Altogether stupified with these strange phenomena, the student Anselmus stood lingering at the street-door; he heard a window open above him, and looked up: it was Archivarius Lindhorst, quite the old man again, in his light-gray gown, as he usually appeared. The Archivarius called to him: “Hey, worthy Herr Anselmus, what are you studying over there? Tush, the Arabic is still in your head. My compliments to Herr Conrector Paulmann, if you see him; and come tomorrow precisely at noon. The fee for this day is lying in your right waistcoat-pocket.” The student Anselmus actually found the clear speziesthaler in the pocket indicated; but he took no joy in it. “What is to come of all this,” said he to himself, “I know not; but if it be some mad delusion and conjuring work that has laid hold of me, the dear Serpentina still lives and moves in my inward heart, and rather than leave her I will perish altogether; for I know that the thought in me is eternal, and no hostile Principle can take it from me; and what else is this thought but Serpentina’s love?”
The Library of the Palm-trees.
Fortunes of an unhappy Salamander.
How the Black Quill caressed a Parsnip, and Registrator Heerbrand
was much overcome with Liqueur.
The student Anselmus had now worked several days with Archivarius Lindhorst; these working hours were for him the happiest of his life; ever encircled with the lovely tone of Serpentina’s encouraging words, he was filled and overflowed with a pure delight, which often rose to highest rapture. Every strait, every little care of his needy existence, had vanished from his thoughts; and in the new life which had risen on him as in serene sunny splendor, he comprehended all the wonders of a higher world, which before had filled him with astonishment, nay, with dread. His copying proceeded rapidly and lightly, for he felt more and more as if he were writing characters long known to him; and he scarcely needed to cast his eye upon the manuscript, while copying it all with the greatest exactness.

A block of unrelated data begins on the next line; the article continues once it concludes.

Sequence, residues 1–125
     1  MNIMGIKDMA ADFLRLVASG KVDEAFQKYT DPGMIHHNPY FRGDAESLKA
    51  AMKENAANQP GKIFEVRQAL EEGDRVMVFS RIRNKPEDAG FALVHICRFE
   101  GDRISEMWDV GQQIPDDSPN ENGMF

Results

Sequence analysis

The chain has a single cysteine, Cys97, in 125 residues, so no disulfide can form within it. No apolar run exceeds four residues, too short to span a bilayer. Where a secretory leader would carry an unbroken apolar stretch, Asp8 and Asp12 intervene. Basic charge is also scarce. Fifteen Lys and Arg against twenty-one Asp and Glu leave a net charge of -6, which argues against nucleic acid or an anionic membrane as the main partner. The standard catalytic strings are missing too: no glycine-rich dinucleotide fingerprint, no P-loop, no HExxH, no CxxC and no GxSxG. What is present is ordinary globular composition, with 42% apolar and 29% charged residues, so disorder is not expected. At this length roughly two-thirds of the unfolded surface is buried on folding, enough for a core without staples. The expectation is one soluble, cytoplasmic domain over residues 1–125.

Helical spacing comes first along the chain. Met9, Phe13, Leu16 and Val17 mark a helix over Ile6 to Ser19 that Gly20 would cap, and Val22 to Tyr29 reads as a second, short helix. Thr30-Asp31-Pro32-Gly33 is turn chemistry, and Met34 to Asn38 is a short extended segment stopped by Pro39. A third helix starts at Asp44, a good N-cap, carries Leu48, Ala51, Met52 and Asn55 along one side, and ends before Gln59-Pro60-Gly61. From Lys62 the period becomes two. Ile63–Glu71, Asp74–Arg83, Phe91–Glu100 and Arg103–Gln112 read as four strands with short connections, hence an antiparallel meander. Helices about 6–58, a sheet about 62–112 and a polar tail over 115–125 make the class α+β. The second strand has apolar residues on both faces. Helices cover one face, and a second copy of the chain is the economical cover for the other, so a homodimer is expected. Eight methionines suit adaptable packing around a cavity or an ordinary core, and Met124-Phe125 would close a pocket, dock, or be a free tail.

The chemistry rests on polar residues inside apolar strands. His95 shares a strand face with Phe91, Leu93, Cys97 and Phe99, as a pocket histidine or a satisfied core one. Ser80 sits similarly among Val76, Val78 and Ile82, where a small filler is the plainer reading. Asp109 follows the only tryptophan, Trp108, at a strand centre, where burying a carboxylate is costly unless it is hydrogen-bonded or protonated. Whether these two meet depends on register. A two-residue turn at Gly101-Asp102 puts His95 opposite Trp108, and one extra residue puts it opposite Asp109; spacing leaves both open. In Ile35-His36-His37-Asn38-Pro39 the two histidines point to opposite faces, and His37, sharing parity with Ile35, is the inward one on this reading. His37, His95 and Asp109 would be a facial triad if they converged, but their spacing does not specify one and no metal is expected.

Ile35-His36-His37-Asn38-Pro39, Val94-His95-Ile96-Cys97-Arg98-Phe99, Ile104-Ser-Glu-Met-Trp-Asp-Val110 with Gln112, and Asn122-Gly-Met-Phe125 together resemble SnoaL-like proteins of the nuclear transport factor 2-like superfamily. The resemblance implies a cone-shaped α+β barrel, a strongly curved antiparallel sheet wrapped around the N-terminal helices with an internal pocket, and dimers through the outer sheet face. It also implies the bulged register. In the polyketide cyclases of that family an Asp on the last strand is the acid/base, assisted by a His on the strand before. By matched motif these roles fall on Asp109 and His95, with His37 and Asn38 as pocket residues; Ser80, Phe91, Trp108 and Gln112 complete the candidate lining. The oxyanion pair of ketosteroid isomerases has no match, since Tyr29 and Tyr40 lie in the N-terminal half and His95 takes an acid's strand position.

Except at the hour of dinner, Archivarius Lindhorst seldom made his appearance, and this always precisely at the moment when Anselmus had finished the last letter of some manuscript; then the Archivarius would hand him another, and, directly after, leave him without uttering a word, having first stirred the ink with a little black rod and changed the old pens with new sharp-pointed ones. One day, when Anselmus, at the stroke of twelve, had as usual mounted the stairs, he found the door through which he commonly entered, standing locked; and Archivarius Lindhorst came forward from the other side, dressed in his strange flower-figured nightgown. He called aloud: “Today come this way, dear Anselmus; for we must to the chamber where Bhogovotgita’s masters are waiting for us.”